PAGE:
It Can Always Be Better

Tuesday, December 22, 2009

Hac-K-Intosh


I confess: I acquired a Hackintosh (A PC hacked to run Mac OS X). Due to circumstances—and refusal to put $2,500 plus on a credit card I wouldn’t be able to pay off—I really had no choice.

For the second time in a year, my MacPro became inoperable. It had something to do with a failed logic board and then a video card. Thanks to my AppleCare warranty, the repairs were covered 100%. Thanks to my decent backup and archiving system, no data was lost.

However, my revenue was not covered. My reputation with my customers was not covered. I had hundreds of images to work on. Unfinished work is money not in the bank. It also annoys customers. Of course, that’s not Apple Computer’s responsibility. A backup and archiving system is only complete with a backup workstation. Yet, it must be done within my small studio’s means.
 
I found an interesting prospect in Psystar. They were making and selling systems with Mac OS X on them. Of course, this is a violation of Apple Computer’s OSX End User License Agreements. Regardless, I built one on the site’s shopping cart. Desperation was sinking in.

However, I had a hunch that I might get my backup station faster if I search Craigslist in Chicago. That way I could see a used machine for myself before I purchase it. I would also avoid any questionable actions that wouldn't subtract from any blessing I may have accumulated for trying to run a socially responsible operation! If I could get a genuine MacPro, that would be nice.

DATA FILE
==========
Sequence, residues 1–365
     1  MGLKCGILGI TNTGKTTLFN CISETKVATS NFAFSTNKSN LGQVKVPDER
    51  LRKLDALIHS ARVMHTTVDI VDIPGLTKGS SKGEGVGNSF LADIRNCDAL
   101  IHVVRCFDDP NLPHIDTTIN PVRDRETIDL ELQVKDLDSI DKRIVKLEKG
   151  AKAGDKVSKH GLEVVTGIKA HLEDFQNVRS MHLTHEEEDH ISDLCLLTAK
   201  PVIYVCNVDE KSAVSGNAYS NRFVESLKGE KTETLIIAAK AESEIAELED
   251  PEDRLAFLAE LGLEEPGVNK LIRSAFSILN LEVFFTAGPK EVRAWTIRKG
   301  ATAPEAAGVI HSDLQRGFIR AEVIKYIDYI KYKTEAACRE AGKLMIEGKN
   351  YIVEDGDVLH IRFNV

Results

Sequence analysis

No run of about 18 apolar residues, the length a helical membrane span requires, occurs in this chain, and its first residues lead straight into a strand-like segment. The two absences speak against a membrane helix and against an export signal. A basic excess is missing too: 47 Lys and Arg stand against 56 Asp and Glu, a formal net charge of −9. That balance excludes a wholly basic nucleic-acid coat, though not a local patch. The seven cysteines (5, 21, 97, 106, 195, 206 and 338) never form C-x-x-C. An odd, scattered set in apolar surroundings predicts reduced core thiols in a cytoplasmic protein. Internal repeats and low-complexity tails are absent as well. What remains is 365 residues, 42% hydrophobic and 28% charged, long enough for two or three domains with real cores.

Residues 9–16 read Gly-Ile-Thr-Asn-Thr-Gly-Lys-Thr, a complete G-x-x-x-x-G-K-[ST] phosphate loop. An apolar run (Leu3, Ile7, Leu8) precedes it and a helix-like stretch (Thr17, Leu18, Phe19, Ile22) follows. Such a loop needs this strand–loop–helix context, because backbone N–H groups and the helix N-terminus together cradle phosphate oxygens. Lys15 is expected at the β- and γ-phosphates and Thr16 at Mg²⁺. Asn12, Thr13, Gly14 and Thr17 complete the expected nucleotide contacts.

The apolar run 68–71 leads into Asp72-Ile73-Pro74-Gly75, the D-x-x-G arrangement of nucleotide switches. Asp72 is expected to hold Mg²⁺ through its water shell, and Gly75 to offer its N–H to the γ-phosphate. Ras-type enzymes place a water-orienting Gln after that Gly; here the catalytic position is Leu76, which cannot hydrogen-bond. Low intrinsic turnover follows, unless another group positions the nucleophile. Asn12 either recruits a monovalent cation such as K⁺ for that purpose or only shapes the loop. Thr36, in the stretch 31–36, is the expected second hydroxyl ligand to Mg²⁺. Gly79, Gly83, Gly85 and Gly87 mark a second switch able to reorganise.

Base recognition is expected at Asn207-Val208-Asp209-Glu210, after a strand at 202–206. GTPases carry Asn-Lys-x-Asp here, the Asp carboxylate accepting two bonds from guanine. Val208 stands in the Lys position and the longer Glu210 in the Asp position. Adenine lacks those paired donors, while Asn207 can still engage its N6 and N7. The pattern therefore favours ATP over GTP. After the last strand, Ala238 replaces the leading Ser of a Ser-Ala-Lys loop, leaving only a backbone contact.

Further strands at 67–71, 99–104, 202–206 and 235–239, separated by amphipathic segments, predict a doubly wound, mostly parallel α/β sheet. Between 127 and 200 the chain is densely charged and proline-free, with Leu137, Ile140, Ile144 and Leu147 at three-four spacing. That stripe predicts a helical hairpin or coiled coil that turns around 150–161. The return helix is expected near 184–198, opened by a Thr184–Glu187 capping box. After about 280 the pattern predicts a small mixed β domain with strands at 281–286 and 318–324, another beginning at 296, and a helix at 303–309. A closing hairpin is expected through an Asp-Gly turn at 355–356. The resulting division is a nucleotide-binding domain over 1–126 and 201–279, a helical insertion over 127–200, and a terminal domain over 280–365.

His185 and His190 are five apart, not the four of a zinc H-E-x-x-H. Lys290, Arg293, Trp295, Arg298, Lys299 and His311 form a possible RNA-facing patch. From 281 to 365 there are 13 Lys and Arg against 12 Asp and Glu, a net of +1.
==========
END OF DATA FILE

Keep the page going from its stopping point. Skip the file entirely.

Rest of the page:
After a quick search on Craigslist, I found a builder of a HacPro. That’s right: A PC turned into a MacPro clone. He needed to unload it before enlisting with the U.S. Armed Forces. For a fair exchange and drive to the south side in borrowed Toyota Prius, I got my backup workstation.


The specifications were perfect for my photo retouching work: Mac OS 10.5, dual-Core 2.0 Ghz, 4GB RAM, 1TB RAID, a better video card than my MacPro, widescreen monitor, keyboard, wireless mouse, web-cam, 10 USB ports, 5 various FW ports, more and more ports. Expandability options for this Hackintosh are almost endless. The box was built like a tank, with a key to lock it.

On the other hand, there are a few annoyances. One is the fans. It runs 3 times louder than my MacPro. However, the MacPro fans are practically silent! It also requires an arcane boot CD and the entry of a few numbers when it starts up.

Taking the advice of the seller, I managed to make some accurate copies of the boot CD with software from a company called Zenopolis. I also captured the BIOS startup sequence on my camcorder in case I need to reprogram the motherboard with an upgrade or replacement.


Overall, the experience added a little stress, more setup time and some education on BIOS subtleties. I have documented my setup process for a smoother transition when my main machine breaks down again.

4 comments:

Community Admin said...

So did it work? Are clients satisfied. Was it even slightly worth the effort? Macminds want to know.

Kateri said...

Very, very interesting. I am so glad for you that it is working. Long may it last.

Photo Grafix said...

Yes, it worked out fine. It wasn't without some difficulty—especially my LAN. However, I was able to get alot of work done.

Photo Grafix said...

It's back in a box until the next time I need it. Safe and sound!

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